Birthday Luncheon in West University with the Wills Girls

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A few months ago I showed you pictures of my sister-in-law and brother-in-law's ranch in Chappell Hill, Texas. By the comments that entry received, everyone seemed to love their home. On Friday, Shannon, my sister-in-law, and her sister Anthea threw themselves a joint birthday party at Anthea's beautiful Houston home. That's Shannon passing out a bowl of home made crisps and her mother, Dottie, is on the far right. It was a small, intimate affair and it really is a great way to entertain - lunch at home instead of at a noisy restaurant filled with rushed businessmen. The three "Wills" girls made all the food: soup with a salad topped with delicious cold beef tender. I had a great time, but you know me - I was preoccupied with thoughts of taking pictures of Anthea's home to share with you!

Mealtime in the dining room. The walls are a gorgeous shade of dusty pink, more of a flesh tone, but definitely not coral. It reminds me so much of the Farrow and Ball shade, Ointment Pink, but it's not. One great thing about the paint is that it's flat, not egg shell. You don't see that too often anymore, but it really has a wonderful, dense look to it.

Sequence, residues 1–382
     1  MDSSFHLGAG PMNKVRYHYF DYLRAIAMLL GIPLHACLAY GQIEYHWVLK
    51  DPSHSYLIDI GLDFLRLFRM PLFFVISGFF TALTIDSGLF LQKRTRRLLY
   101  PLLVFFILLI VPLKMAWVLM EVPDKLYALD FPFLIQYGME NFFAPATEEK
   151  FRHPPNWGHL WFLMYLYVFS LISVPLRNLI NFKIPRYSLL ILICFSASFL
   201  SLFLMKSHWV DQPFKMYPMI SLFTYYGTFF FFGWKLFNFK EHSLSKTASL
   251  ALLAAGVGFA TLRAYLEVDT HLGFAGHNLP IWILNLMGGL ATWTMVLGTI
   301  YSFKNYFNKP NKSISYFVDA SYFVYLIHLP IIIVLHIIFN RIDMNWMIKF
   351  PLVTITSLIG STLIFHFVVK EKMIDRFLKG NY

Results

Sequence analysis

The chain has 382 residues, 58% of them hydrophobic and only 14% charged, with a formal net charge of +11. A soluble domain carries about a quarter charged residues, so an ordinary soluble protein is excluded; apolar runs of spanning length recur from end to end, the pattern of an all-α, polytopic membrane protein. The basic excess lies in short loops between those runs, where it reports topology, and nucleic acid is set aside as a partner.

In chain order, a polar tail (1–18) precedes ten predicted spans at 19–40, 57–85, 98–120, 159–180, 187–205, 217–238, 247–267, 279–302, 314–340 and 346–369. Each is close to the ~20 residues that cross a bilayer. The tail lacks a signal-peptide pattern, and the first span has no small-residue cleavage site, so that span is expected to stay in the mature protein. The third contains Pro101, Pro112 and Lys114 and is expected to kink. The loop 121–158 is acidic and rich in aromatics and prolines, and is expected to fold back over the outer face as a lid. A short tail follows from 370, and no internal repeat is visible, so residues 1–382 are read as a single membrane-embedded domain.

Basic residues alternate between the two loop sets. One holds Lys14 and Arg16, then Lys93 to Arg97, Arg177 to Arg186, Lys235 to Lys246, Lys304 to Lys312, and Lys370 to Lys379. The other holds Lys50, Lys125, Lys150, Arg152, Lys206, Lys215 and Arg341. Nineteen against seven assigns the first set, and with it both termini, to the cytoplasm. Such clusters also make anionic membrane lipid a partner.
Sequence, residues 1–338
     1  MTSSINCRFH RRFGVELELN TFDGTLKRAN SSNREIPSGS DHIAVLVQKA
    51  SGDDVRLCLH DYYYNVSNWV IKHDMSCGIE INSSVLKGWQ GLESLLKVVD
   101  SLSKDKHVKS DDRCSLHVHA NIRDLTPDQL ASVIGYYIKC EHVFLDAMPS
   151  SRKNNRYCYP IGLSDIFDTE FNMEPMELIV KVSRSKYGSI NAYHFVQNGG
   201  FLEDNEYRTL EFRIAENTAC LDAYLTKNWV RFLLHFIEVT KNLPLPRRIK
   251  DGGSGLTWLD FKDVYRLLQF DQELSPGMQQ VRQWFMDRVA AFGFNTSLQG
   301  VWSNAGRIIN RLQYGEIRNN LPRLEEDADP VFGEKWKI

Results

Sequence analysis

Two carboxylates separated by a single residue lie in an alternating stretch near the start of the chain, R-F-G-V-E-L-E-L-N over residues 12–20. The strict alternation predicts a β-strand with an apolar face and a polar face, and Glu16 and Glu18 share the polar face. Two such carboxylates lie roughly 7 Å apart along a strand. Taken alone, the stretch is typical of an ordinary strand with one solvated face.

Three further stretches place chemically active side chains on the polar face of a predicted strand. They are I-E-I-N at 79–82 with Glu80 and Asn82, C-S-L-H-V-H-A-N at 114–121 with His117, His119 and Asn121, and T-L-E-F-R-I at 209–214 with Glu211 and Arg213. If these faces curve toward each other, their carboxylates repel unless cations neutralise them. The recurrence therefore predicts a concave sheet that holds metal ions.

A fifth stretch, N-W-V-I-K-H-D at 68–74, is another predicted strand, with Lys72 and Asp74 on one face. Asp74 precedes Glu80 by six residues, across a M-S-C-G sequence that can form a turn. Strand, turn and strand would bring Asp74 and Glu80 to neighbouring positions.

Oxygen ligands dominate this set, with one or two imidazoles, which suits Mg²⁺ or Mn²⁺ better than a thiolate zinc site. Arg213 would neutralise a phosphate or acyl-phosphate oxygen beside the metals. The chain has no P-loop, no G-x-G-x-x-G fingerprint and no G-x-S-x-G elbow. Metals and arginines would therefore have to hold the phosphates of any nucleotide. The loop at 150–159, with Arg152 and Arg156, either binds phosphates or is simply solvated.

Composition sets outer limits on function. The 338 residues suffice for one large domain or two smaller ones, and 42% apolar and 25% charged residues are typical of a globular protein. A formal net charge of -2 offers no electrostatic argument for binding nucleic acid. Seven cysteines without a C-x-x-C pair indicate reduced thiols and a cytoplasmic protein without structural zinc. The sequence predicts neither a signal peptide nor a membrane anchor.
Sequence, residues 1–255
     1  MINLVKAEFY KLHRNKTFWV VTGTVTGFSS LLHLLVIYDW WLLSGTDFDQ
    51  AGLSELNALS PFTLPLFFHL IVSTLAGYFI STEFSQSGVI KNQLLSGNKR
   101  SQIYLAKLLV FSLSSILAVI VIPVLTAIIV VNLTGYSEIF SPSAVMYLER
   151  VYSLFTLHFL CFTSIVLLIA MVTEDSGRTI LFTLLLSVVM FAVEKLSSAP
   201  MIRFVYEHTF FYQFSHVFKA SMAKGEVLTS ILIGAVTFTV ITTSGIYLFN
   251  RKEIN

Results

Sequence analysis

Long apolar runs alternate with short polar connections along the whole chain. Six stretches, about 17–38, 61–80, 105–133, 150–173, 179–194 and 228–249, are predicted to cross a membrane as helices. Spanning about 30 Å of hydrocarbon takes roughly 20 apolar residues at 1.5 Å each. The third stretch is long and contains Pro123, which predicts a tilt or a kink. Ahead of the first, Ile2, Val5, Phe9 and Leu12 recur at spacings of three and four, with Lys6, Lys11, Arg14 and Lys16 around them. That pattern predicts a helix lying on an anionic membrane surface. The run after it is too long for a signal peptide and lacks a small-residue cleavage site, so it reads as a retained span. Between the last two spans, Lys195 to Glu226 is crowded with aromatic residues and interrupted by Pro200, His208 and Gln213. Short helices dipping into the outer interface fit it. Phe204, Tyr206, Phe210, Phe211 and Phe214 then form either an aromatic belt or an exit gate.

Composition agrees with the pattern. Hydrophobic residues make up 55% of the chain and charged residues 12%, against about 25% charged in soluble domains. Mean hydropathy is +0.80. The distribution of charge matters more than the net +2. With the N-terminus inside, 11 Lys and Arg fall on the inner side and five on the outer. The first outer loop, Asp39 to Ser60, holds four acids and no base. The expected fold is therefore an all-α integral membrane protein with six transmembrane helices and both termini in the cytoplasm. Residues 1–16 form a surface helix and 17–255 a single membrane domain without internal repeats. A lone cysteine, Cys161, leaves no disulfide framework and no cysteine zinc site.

In the middle is the beautiful Anthea serving a dessert made by her absent husband. No men were allowed at lunch. The girl on the left is an old family friend and she is equally beautiful!


I had trouble concentrating on the conversation, which happens when I am surrounded by beauty. At the end of the dining room, on both sides of the window, is a pair of half-moon shaped, tall chests. Handpainted pink cabbage roses dance atop a pale celadon base. At the top of each chest, is one of a pair of large, antique Satsuma urns. The "Wills" girls know that these chests are my absolute favorite pieces in their family. I totally lust after them and if I could get away with it, these two chests would somehow find their way to my house. Oh well......